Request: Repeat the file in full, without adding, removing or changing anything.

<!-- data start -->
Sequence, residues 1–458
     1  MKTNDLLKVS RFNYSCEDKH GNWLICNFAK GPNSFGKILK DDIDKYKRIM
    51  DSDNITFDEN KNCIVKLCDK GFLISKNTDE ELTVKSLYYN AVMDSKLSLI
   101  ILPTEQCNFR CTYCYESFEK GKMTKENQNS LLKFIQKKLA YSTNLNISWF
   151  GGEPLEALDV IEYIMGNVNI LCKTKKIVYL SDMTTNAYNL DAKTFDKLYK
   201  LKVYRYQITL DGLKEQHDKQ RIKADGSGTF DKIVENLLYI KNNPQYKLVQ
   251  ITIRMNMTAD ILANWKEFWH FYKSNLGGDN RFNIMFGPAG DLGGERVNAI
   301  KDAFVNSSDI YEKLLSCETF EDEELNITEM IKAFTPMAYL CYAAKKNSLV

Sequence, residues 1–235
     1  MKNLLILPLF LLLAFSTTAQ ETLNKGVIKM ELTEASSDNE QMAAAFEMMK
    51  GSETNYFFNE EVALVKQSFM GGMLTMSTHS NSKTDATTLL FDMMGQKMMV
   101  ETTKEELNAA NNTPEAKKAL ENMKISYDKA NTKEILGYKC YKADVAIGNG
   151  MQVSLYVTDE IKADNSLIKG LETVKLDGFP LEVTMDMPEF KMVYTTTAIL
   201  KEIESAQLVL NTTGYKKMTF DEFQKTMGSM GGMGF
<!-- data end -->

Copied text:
Sequence, residues 1–458
     1  MKTNDLLKVS RFNYSCEDKH GNWLICNFAK GPNSFGKILK DDIDKYKRIM
    51  DSDNITFDEN KNCIVKLCDK GFLISKNTDE ELTVKSLYYN AVMDSKLSLI
   101  ILPTEQCNFR CTYCYESFEK GKMTKENQNS LLKFIQKKLA YSTNLNISWF
   151  GGEPLEALDV IEYIMGNVNI LCKTKKIVYL SDMTTNAYNL DAKTFDKLYK
   201  LKVYRYQITL DGLKEQHDKQ RIKADGSGTF DKIVENLLYI KNNPQYKLVQ
   251  ITIRMNMTAD ILANWKEFWH FYKSNLGGDN RFNIMFGPAG DLGGERVNAI
   301  KDAFVNSSDI YEKLLSCETF EDEELNITEM IKAFTPMAYL CYAAKKNSLV

Sequence, residues 1–235
     1  MKNLLILPLF LLLAFSTTAQ ETLNKGVIKM ELTEASSDNE QMAAAFEMMK
    51  GSETNYFFNE EVALVKQSFM GGMLTMSTHS NSKTDATTLL FDMMGQKMMV
   101  ETTKEELNAA NNTPEAKKAL ENMKISYDKA NTKEILGYKC YKADVAIGNG
   151  MQVSLYVTDE IKADNSLIKG LETVKLDGFP LEVTMDMPEF KMVYTTTAIL
   201  KEIESAQLVL NTTGYKKMTF DEFQKTMGSM GGMGF